For those not in the “know”, GPP Stands for General Physical Preparedness. The operative word here is “general.” We’ve talked at length about the differences between general & specific programming as well as the differences between exercise & training. While training specifically for a specific outcome/ adaptation will yield specific results, there is something to be said for building a strong GPP foundation before imposing specific demands on the body.
Training generally for a chunk of your program will illicit two primary adaptations necessary for a quality specific program later in your training cycle:
- Improving the body’s ability recruit motor units.
- Reducing the risk of injury later on.
Improved motor unit recruitment leads to increased force production which leads to a stiffer muscle belly which leads to a greater stretch-reflex response. A greater stretch-reflex response improves the body’s ability to do work (sets, reps, strides, etc) by making the process more efficient due to the fact that less energy is expended with each properly-performed movement.
A balanced GPP phase will strengthen agonist-antagonist muscle relationships and provide balance to the joints. On the flip side, having a stronger anterior muscle relative to it’s posterior counterpart “strengthens” bad posture, leading to poorly performed movements, and further leading to inevitable time on the shelf. If you’ve only strengthened the muscles that step on the gas peddle, with no regard to muscles that hit the brakes you will be setting yourself up for all kinds of injuries.
Keep in mind when reading the list that rep count, time under tension, and rest time between sets are what make these exercises superior strength-builders. Performing any of these for 30+ reps is an endurance feat that will improve just that: endurance. We’re also talking about GPP strength rather than maximal strength or bodybuilding hypertrophy. Building strength requires heavy sub-maximal loads: the kind you can only do roughly 6-10 times.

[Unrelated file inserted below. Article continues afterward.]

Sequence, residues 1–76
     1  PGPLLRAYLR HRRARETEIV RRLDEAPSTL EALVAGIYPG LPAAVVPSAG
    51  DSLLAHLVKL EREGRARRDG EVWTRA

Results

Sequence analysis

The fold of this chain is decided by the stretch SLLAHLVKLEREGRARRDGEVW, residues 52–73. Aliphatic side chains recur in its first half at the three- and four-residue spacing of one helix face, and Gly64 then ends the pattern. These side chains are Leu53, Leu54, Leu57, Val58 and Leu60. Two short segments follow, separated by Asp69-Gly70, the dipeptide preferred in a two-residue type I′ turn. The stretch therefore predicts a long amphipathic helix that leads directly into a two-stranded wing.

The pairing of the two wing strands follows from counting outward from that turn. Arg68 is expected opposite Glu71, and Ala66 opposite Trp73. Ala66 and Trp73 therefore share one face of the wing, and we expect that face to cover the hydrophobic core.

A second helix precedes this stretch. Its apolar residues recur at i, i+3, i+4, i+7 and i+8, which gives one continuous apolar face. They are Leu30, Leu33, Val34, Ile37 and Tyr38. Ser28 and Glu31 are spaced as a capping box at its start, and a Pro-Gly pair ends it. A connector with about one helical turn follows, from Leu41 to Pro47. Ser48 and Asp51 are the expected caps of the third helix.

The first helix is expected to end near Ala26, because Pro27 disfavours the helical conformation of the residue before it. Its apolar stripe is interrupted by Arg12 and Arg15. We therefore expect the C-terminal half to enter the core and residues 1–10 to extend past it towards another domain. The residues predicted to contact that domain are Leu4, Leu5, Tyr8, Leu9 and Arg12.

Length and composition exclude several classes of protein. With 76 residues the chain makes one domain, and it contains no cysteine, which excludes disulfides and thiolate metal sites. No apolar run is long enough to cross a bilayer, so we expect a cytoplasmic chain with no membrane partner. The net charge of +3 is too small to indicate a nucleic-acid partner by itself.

Without further ado, here are the top GPP strength exercises to add into your program to make big strength gains and improve injury-resistance.
The squat all it’s top-loaded variations serve to place your entire body under stress to produce gains in several aspects of fitness. The most notable gains come from the muscles producing the movement. The quadriceps will increase in strength from extension at the knee. Gluteal and hamstring strength will increase due to hip extension. Further gains come from finding stability in the muscles holding the body in place; real functional stability, not the superficial kind found standing on a Bosu ball. Can you think of anything these days more funstional than the ability to get out of a chair more efficiently? Spinal extensors, the transverse abdominus, and others are forced to hold tension to maintain solid lumbar extension and pelvic stability. Without scapular stability, you won’t be able to maintain a neutral thoracic spine. The squat is arguably the king of all lower body exercises and recruits muscles from all parts of the body to build strength. Just make sure you get to femur-parallel. Studies have shown this to be the sweet spot for optimal glute and hamstring activation.